**Update (5/1/12): Wantering has heard you! In a recent Tumblr post, Nick Molnar discusses some very positive changes to the way Wantering works. In part, “…we are moving to an invite-only model. Select bloggers will be receiving an email in the next few days offering them invites to be a part of Wantering. Any blogs that have not opted in to the system will have their photos on Wantering replaced or removed later this week.” We recommend reading about the rest of Wantering's changes, including their photo attribution updates.


Share your thoughts and experiences in the comments!


Leave a Reply

Your email address will not be published.

25 Responses

  1. Cate

    I’m not sure how this WOULDN’T be illegal. I’m not really sure how Wantering profits from this, but if they are in fact profiting using essential the endorsement of popular style bloggers without their permission or proper compensation, sounds pretty illegal to me.

  2. Kelly @ Alterations Needed

    My main concern with Wantering is, how do they intend to monetize as their site grows? They are linking to lots of products, so my first inclination is they plan to monetize through affiliate links (my first guess would be Skimlinks like Pinterest did), in which case using the blogger’s photos for a profit.

  3. TheStyleKaleidoscope

    The basics of copyrights are simple. If you create a piece of work, you own the rights to it, regardless of the internet being in existence or not. The internet is every photographers nightmare at the moment.

    A photographer who took images of Edie Sedgwick wanted to release a book. But his images were found on several Edie tribute blogs on the internet. When the book publisher contacted the bloggers, they received an aggressive response from the blog owners, stating that it’s personal use only & they were not making money from using the photos and they had no intention of removing them as a result. But the problem is, if you have taken a photo and it’s all over the internet like cow mess in a field, you need to get it removed. And it’s your perfect legal right to do so. You are the only person who should be making money from your shots, and there’s also the legality around the subject featured in your photo, too.

    I had a company that’s similar to the one mentioned in this article contact me about my street style shots. As I listed where some of the clothes were purchased in my posts, they wanted to use my shots to help them sell clothes through their website. I didn’t even respond. In case they hadn’t noticed, some of the girls in the photos are under 15. If they want to deal with the parents and legal guardians if they use my photos without permission, then let them. My copyright page on the blog is pretty clear. Mine are mostly pictures of people, not cups of coffee or whatever, so I’m pretty protective about where they end up and how that person is represented. While they understand they might end up being added to pinterest etc their parents don’t want to see them elsewhere and neither do I.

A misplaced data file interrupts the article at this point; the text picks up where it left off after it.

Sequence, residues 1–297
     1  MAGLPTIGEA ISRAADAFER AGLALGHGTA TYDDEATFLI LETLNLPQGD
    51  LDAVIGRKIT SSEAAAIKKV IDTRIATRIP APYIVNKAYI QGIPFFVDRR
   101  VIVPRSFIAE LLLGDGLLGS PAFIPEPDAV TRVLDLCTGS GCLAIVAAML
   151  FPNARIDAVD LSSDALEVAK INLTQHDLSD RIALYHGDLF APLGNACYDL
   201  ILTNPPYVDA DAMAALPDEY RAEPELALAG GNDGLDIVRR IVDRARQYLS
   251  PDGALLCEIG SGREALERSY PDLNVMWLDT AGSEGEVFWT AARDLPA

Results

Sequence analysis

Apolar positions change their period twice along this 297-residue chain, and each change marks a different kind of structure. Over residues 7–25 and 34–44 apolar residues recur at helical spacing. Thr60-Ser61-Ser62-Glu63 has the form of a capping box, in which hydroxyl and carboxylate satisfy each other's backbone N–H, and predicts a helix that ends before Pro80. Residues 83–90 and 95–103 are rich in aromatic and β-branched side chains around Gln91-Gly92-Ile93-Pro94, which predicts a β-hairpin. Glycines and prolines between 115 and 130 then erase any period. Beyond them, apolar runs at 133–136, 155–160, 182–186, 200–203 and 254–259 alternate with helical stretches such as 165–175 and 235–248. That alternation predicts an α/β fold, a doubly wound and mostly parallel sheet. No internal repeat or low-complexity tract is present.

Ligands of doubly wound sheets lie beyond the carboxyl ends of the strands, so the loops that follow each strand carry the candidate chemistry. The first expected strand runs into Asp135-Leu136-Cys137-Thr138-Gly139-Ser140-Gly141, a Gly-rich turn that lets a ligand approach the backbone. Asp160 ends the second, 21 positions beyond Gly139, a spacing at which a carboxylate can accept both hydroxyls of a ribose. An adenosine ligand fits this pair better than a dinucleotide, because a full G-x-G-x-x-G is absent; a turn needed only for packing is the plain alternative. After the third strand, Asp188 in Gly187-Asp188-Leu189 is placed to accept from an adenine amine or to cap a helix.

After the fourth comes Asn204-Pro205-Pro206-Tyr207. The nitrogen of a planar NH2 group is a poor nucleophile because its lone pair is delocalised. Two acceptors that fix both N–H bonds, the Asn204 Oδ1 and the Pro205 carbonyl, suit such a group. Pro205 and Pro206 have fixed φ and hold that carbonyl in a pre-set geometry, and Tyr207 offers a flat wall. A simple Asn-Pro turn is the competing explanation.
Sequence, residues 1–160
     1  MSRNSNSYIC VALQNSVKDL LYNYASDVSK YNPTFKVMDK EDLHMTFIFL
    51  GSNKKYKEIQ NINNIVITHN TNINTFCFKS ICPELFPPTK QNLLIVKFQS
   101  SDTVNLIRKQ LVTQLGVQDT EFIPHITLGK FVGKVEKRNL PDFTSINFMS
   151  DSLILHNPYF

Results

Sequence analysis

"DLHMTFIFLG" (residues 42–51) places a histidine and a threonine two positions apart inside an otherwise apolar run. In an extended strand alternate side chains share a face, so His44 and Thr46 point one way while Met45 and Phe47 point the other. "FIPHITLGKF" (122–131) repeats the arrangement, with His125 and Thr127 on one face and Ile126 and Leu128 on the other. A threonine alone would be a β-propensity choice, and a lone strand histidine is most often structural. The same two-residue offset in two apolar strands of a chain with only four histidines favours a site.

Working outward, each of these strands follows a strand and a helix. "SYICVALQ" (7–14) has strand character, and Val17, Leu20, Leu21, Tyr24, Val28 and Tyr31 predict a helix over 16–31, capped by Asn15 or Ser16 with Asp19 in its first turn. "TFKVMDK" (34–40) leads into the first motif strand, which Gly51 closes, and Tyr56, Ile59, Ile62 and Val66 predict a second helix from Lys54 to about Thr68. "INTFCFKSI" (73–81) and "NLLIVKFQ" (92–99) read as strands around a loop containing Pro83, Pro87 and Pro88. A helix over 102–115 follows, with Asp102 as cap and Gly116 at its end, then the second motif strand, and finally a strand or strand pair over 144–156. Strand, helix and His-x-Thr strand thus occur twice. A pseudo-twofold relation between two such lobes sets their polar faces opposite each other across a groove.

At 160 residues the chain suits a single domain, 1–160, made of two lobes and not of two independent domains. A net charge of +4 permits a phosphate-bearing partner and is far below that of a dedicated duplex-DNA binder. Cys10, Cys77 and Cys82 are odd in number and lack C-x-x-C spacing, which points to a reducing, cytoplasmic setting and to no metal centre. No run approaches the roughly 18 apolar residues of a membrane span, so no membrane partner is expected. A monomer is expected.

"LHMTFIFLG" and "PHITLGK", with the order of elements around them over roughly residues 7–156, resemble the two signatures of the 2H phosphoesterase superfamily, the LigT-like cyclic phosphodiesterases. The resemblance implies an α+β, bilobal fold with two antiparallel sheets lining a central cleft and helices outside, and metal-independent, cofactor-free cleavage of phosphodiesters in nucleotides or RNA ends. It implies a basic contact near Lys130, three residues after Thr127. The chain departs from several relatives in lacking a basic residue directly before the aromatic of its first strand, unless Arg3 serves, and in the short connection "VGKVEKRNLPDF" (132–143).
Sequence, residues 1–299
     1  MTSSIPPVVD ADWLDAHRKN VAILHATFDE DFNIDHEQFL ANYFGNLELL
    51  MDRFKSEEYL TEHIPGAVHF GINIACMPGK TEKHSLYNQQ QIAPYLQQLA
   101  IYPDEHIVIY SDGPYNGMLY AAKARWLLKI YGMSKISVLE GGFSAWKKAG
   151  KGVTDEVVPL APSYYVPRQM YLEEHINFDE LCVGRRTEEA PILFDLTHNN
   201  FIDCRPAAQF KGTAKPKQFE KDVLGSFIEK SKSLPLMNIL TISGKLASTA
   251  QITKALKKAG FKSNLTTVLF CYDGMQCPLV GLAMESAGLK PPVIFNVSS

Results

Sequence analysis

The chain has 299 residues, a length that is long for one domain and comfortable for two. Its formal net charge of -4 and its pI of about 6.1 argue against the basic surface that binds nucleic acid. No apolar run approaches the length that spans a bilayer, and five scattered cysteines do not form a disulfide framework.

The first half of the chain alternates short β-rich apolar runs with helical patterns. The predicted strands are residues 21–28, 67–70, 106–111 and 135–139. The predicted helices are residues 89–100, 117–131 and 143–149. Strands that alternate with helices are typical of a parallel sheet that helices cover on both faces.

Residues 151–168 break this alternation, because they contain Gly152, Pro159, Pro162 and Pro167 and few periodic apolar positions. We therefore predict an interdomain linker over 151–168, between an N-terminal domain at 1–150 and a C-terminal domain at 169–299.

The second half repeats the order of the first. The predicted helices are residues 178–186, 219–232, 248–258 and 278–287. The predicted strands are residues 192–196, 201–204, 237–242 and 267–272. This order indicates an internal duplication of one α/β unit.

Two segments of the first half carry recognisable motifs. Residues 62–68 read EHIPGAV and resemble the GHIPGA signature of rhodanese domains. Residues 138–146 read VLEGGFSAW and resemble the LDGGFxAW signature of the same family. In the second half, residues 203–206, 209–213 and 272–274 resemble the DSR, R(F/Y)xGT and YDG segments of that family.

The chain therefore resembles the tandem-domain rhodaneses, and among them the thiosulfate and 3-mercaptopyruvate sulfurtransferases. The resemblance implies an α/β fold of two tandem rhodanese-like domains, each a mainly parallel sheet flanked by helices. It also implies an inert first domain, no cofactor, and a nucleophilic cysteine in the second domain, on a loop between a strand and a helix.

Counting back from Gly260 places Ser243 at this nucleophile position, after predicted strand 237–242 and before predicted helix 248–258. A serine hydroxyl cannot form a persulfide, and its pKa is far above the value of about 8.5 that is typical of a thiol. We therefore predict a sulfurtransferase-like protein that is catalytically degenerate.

4. Nicholas Molnar

    I’m the Nick Molnar interviewed in the article. I won’t split hairs over all the legal details, because I think there’s a bigger and more interesting story here. What we’re doing with Wantering is unlocking a totally new source of value in the fashion blogosphere. That’s why after personally reaching out to 90+ of the bloggers who are featured on the site, only 2 asked to have their content removed. At least a dozen have now asked how they could get more of their posts onto Wantering.

    We’re creating a new way to shop that takes the best parts of blogs, fashion social networks, and search engines, tosses them in a blender, and makes a delicious smoothie out of them. It doesn’t take away from the hard work that fashion bloggers do, it adds to it.

    These are also the very earliest days for Wantering. It’s great that Taylor brought these issues to the surface and there can be an open and frank discussion about them. We want to do right by bloggers, and we want to help the ecosystem grow.

    We’re always looking for feedback on how we can reward and promote bloggers better. If you have any suggestions, don’t hesitate to get in touch at [email protected] or jump into the comments. We’re listening.

    • Catherine

      What I find problematic about the Wantering business model is that many bloggers earn commission off of the items they sell through sites like Reward Style. In order to earn commission, buyers must click on specific links in order to credit bloggers for their sales. What your site is doing is cutting out that process of earning commission, unless someone happens to click the small URL placed in the corner of the image.

      I think your model would be more ethical if it operated, as @alexandrawrote said below, using an “opt-in” rather than “opt-out” method. The difference with Pinterest is that the image being used is almost always linked back to the blog rather than the product, or so it has been in my case. Therefore, if people want it after seeing your image, they are directed to your site.

      I understand that what you think your site is doing is making it easier for people to shop online, or to be inspired – but in doing so, it takes away blogger independence to manage our own content.

  5. Nicholas Molnar

    @Kelly, thanks for the heads up on the broken link. Growing pains of a new and popular site, I’m afraid. I’ve fixed that one, and we’re working on fixing the rest.

  6. Monica

    This is the fear of many blogger moms, that images of our children will be splattered across the internet without our permission. I find great products for my daughters all of the time but I’m afraid to post her in a great pair of shoes or a cute new headband. While it might seem pretty harmless now, I think it has bigger implications, not to mention that bloggers work hard and this site is trying to benefit from the bloggers work without actually building any content themselves. However, I also think if they make some modifications, it could work for the blogger and the company. My hope is that they will find a way to make it. It seems like a good idea but with poor execution.

  7. Eli

    This is the Chictopia thing all over again?!

    Also, this sounds eerily similar what recently went on with Hello Cotton!

  8. Moe

    I think this has to be delved into more. It is not just straight copyright infringement here. I don’t think they are copying and pasting the images from blog sites which is what we typically associate with an infringement. If they are using a RSS aggregator there may be different rights involved for whatever one is used on a bloggers site. In using the feed, or having the feed on the site there may be some kind of permission loophole in effect that bloggers are unaware of. I am not certain just thinking out loud. It is something worth delving into.